Today’s main Home Office-related coverage is focused on new powers in the Criminal Finances Act, Border Force, forced marriages and the number of road traffic police officers.
Criminal Finances Act
The Times and Express both run stories on the government’s efforts to grant law enforcement new powers to seize paintings, gems and casino tokens from criminals.
They report that a further new power for unexplained wealth orders will result in those suspected of involvement in serious and organised crime being forced to explain the source of their wealth.
Today a consultation on the Codes of Practice in the Criminal Finances Act has been launched.
A statement on the plans from the Security Minister can be found below.
Security Minister Ben Wallace said
Criminals don’t just deal in cash, they move or hide their money in the form of expensive pieces of art, buying and selling valuable precious metal and stones or even purchasing rare stamps to mask their amassed wealth.
It is vital that law enforcement agencies can take these high value, easily transportable assets from them so that they cannot use them to fund their criminal lifestyles.
This sends a clear message to criminals that we will not stand by and watch them use the UK to launder their dirty money or fund terrorism.
The Times, Telegraph, Guardian and Mirror report on figures released from the NSPCC that a rising number of young girls are seeking help to deal with the trauma of forced marriage.
The coverage says that the number of calls to Childline from people wanting counselling sessions because of forced marriage fears rose from 55 in 2011/12 to 205 last year.
The Home Office statement can be found below.
A Home Office spokesperson said:
Forced marriage is an abhorrent practice that this Government is determined to tackle.
We made forced marriage a criminal offence in 2014 and are encouraged by the first conviction, but we know there is much more to do. We want to give more victims of this hidden crime the confidence to come forward, which is why we introduced lifelong anonymity for victims last year.
We will continue to work with the police, Crown Prosecution Service and others to drive progress.
Road traffic policing
The Times, the Mirror and the Sun, as well as the Today programme and Sky News, carry reports on the number of road traffic police officers following a Freedom of Information Request from the Press Association.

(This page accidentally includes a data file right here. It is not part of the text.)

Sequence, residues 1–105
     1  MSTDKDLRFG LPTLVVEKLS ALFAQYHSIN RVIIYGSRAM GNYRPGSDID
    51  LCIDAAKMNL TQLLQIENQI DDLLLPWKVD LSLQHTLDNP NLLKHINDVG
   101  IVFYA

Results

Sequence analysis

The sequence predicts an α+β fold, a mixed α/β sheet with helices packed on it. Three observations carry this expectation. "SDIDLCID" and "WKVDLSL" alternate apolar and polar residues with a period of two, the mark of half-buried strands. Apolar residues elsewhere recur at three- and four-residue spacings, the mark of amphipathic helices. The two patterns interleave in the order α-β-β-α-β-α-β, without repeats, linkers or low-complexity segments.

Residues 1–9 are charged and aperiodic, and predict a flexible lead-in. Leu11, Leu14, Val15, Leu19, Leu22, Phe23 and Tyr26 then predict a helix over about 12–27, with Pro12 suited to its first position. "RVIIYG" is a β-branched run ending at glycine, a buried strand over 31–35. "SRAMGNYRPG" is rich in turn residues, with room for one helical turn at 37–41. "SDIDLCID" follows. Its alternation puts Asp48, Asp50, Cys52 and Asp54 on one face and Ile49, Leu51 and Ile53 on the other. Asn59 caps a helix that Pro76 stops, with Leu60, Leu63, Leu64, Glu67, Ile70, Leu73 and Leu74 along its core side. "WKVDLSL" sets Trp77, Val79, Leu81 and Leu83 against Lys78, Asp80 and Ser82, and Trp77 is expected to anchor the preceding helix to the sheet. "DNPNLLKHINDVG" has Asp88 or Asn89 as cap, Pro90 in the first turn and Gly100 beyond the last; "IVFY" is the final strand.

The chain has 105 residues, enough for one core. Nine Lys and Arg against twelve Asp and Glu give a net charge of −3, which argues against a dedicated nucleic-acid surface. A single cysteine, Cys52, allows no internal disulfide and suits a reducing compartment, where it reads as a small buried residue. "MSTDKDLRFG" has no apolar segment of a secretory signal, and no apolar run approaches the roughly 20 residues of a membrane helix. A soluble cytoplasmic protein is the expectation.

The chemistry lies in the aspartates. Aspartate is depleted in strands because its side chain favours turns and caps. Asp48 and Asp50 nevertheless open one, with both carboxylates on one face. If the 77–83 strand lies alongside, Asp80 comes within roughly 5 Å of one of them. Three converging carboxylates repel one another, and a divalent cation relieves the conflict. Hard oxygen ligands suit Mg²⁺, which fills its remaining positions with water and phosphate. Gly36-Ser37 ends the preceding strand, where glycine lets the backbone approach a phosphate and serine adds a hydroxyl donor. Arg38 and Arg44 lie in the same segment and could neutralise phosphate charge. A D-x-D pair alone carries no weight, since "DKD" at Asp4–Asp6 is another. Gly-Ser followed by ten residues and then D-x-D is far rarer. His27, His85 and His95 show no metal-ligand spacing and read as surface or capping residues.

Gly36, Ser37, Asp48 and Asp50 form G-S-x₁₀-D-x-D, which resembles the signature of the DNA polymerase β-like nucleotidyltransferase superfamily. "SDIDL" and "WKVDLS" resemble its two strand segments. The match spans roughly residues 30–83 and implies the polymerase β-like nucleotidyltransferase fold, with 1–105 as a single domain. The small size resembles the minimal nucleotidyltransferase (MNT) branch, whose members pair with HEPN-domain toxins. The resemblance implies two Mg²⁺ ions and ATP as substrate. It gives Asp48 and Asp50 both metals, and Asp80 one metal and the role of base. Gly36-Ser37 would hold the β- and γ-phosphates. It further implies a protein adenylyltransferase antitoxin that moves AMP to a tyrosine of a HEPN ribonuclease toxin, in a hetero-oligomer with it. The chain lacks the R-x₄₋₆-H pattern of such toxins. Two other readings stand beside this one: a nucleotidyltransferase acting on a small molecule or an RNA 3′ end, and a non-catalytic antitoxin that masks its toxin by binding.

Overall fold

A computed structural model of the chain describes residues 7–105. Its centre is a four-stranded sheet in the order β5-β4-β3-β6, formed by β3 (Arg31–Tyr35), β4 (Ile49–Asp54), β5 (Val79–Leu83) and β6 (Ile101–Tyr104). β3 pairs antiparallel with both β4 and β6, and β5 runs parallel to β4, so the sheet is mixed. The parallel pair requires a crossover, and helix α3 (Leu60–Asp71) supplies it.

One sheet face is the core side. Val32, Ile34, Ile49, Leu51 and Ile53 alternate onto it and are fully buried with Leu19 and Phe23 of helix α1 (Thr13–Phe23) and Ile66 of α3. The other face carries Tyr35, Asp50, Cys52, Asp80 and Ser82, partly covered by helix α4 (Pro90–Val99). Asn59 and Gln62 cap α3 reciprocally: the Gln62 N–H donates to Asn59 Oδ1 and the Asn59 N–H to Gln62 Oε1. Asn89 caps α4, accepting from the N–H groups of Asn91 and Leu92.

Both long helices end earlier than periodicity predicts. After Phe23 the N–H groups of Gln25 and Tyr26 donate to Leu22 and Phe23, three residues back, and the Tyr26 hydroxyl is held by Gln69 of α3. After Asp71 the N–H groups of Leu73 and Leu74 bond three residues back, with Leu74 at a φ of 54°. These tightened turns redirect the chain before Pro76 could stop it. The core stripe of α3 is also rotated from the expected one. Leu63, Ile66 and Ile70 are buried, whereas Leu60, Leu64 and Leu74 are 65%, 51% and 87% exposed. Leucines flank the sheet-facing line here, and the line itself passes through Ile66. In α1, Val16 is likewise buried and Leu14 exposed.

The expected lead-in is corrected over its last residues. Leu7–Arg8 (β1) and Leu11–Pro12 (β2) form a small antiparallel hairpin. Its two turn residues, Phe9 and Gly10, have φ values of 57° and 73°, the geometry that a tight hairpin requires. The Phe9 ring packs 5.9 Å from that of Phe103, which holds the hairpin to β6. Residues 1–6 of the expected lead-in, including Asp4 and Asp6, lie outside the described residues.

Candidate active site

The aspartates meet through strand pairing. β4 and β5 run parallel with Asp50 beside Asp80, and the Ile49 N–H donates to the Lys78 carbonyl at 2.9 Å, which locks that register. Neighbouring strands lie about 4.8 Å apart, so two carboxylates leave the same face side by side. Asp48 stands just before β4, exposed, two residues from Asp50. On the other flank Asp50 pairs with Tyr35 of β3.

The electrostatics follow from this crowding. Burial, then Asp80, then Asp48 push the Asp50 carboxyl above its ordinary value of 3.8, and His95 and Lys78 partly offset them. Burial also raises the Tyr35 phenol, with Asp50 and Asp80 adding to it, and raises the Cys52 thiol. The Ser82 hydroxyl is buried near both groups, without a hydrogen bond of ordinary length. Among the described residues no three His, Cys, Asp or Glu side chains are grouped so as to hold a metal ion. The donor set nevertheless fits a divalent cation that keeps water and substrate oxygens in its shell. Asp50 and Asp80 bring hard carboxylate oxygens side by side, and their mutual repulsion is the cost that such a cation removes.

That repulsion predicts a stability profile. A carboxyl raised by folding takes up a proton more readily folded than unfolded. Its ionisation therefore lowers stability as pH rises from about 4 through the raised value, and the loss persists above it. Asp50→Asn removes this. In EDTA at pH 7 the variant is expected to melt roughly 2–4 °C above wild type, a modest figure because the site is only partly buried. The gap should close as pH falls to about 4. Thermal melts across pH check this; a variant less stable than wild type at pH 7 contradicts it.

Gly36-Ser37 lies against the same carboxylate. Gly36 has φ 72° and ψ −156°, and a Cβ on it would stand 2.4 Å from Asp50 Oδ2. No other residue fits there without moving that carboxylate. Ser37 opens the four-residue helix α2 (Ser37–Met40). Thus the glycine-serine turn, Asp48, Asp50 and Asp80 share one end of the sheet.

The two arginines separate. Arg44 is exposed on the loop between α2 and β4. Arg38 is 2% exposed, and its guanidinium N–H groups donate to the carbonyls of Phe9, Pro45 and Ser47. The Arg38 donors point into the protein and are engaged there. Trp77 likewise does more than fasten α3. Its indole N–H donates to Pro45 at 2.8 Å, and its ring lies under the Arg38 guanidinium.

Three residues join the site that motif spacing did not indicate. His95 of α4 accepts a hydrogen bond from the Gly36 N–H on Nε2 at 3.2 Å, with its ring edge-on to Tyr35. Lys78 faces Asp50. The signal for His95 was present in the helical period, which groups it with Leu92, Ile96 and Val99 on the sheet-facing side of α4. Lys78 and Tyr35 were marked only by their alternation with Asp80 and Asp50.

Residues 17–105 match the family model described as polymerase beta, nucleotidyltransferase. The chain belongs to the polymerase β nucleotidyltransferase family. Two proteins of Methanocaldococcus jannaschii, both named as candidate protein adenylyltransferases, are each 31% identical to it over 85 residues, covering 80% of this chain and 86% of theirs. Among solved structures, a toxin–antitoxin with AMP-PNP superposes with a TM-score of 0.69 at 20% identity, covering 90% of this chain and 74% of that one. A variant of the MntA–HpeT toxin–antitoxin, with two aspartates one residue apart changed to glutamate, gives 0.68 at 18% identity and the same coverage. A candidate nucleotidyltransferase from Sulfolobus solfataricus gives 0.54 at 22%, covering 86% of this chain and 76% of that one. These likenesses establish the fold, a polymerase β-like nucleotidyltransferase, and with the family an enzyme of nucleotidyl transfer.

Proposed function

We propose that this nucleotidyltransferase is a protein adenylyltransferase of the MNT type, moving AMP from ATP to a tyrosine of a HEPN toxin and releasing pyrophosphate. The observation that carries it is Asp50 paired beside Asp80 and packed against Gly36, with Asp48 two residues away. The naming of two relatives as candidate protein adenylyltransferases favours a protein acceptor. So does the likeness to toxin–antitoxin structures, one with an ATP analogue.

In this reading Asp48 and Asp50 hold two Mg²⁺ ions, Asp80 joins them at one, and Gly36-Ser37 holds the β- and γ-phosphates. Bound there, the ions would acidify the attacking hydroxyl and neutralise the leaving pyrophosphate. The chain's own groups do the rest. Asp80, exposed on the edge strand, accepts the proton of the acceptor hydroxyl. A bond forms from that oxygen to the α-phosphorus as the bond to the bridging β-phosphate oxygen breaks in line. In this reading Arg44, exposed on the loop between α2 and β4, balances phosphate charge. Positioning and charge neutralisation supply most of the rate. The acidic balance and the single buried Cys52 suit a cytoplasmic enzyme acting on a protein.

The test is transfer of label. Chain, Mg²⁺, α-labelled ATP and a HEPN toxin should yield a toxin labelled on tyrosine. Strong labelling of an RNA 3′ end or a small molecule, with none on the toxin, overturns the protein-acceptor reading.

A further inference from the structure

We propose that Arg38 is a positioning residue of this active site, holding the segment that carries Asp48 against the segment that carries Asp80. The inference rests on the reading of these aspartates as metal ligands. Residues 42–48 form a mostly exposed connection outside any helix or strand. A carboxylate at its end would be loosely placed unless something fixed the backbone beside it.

The figures show the amount of dedicated road traffic police officers have decreased, with comments that this could lead to people violating laws, such as using their mobile phone while driving, more often because they think they are less likely to be caught. The decrease in numbers was put down to police funding
The Home Office response can be found below.
A Home Office spokesperson said:
The Government has protected overall police spending in real terms since the Spending Review 2015 and we will always ensure forces have the resources they need to do their vitally important work.
Effective roads policing is not necessarily dependent on dedicated road traffic officers: the use of technology, other police personnel and local communities also have a role to play.
Border Force staff
The Express carries a story regarding seasonal workers being employed by Border Force and claims that temporary staff are not properly trained. The paper reports that Border Force has to employ seasonal workers to deal with demand because of cuts to frontline services and budget.
Our response to this story can be found below.
A Home Office spokesperson said
We are clear that keeping our families, communities and country safe comes first and Border Force officers do a fantastic job in protecting the UK from a wide range of threats.
Employing seasonal workers enables Border Force to respond to demand and deploy additional resources to frontline operations during the peak summer period to ensure the UK's borders remain among the most secure in the world.
All seasonal staff must have relevant experience and receive further specific training prior to deployment.